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This year, the long-retired cannon has been passed down to me, but my father refused to give me any gunpowder and forbade me from actually using it. I will honor his wishes. For now.

This might be one of those “only in Texas” stories. I don’t know because I’m from Texas and have always lived in Texas and people sometimes roll their eyes and say “only in Texas” about things that seem completely normal to me. Then again, it could also be one of those “only in my family” things as well, like the stocking tree or calling the things you use to cut up small limbs “jaloppers” instead of “loppers.” (You haven’t been embarrassed until you’ve been corrected by a Home Depot employee half your age on the pronunciation of a garden tool. Thanks, Dad.) Perhaps I should collect some data on the subject. If you or anyone you know ever had a tradition of setting off a small but mighty cannon in the backyard on New Year’s Eve, please weigh in with a comment. Thanks.

Anyway, that was how we did things.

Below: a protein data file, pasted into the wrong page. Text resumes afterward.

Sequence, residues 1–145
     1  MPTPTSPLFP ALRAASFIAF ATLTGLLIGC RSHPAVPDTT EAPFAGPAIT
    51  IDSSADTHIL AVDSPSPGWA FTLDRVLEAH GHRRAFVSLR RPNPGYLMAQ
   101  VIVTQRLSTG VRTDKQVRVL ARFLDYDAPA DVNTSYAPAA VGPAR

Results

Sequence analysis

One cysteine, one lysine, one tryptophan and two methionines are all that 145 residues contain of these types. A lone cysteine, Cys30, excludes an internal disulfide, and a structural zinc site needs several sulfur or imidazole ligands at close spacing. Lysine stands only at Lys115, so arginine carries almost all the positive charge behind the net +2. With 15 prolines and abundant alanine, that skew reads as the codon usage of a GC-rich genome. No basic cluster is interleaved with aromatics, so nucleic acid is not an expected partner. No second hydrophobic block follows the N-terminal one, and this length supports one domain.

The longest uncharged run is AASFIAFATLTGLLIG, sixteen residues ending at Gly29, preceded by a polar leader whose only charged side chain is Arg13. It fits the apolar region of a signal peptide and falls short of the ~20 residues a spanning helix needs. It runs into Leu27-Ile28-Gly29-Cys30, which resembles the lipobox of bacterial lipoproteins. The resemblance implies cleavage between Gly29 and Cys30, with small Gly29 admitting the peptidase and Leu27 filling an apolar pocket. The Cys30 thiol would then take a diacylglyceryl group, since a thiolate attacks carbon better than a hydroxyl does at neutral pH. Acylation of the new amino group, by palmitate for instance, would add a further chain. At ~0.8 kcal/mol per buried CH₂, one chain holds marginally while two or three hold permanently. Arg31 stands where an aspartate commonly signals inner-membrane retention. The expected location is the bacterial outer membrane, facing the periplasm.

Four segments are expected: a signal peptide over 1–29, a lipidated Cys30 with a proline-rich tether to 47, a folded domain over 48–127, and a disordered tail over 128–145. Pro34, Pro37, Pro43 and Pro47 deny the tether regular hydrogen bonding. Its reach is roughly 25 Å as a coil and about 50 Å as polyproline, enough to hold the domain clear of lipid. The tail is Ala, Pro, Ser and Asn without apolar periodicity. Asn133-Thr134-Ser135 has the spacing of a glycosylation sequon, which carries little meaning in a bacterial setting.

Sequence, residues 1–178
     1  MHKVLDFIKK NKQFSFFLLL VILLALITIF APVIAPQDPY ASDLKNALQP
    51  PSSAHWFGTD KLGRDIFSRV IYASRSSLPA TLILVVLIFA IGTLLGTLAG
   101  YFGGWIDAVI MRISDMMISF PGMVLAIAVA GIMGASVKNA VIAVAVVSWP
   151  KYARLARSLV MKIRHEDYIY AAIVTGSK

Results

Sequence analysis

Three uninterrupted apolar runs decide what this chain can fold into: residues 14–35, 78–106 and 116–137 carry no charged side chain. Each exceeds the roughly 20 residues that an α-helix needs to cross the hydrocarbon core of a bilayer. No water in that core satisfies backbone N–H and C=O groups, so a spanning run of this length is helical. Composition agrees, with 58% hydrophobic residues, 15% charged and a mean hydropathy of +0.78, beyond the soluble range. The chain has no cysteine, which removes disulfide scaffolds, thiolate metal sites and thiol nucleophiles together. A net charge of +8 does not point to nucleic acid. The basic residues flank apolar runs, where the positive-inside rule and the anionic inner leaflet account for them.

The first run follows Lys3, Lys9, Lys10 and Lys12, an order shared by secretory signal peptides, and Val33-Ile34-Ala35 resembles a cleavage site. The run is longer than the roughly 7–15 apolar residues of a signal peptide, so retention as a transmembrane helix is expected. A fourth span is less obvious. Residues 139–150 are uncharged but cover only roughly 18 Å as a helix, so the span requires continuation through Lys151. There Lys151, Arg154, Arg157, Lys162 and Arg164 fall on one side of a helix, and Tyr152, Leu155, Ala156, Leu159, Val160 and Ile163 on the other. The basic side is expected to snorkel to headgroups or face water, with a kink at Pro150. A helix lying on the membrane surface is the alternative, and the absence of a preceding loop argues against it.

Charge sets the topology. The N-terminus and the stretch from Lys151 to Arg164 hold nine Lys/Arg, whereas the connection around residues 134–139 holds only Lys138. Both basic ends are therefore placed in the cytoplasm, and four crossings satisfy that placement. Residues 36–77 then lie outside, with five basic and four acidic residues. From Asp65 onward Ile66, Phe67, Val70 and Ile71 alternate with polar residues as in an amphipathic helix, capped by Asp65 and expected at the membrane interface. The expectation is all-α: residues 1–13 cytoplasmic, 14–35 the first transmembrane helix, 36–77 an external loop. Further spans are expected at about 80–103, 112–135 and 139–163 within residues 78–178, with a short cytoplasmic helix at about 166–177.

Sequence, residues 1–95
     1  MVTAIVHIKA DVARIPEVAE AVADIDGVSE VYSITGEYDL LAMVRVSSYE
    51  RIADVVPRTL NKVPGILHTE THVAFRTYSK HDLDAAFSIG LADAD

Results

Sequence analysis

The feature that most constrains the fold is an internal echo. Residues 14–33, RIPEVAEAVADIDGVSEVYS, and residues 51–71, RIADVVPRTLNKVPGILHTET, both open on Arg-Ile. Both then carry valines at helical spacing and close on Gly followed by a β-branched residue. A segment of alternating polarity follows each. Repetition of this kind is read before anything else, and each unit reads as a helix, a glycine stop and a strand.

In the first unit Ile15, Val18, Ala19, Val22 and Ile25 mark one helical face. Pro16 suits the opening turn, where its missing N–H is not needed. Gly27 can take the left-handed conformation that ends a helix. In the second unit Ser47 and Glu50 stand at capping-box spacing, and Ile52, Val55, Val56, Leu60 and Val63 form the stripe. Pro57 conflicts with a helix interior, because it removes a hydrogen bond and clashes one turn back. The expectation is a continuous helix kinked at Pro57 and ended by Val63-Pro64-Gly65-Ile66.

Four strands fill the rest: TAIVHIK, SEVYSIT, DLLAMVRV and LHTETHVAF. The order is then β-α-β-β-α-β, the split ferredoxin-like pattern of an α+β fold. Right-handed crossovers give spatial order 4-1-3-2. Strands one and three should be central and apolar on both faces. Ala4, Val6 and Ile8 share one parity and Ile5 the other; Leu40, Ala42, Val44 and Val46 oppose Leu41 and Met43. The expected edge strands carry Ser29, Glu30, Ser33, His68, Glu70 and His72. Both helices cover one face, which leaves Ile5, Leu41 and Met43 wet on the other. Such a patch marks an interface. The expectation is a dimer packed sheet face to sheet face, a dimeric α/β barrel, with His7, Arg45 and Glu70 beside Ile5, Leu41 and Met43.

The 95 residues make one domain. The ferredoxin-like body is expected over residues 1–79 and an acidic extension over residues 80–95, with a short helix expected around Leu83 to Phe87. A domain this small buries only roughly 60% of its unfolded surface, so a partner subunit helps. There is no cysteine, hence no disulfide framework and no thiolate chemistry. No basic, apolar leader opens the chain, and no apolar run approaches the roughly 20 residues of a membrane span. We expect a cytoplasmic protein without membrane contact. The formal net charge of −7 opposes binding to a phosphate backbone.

When I was in junior high and high school, our house was the place to hang out, and New Year’s Eve was no exception. If you’re picturing a wild party and a keg, you’re way off. If you’re picturing a six pack of beer and a football game, you’re still way off. If you’re picturing Dr. Peppers and non-alcoholic sparkling cider and loud games of dominoes and cards, then you’re welcome at our kitchen table any time. Even in college, I spent most of my New Year’s Eves at home with my family, so it wasn’t until I was an adult (a real one with an apartment and a job) that I realized New Year’s Eve was a THING, and there was a certain way you were supposed to celebrate it, and it didn’t involve miniature cannons and Dr. Pepper. Thus began my complicated, often disappointing relationship with the holiday.

I don’t know if there’s any other holiday with more pressure placed upon it than New Year’s Eve. (Ok, maybe Valentine’s Day, but I don’t celebrate that one, therefore it causes me no stress.) Society tells you that in order to have a successful December 31st, you must do at least 6 of the 7 following things: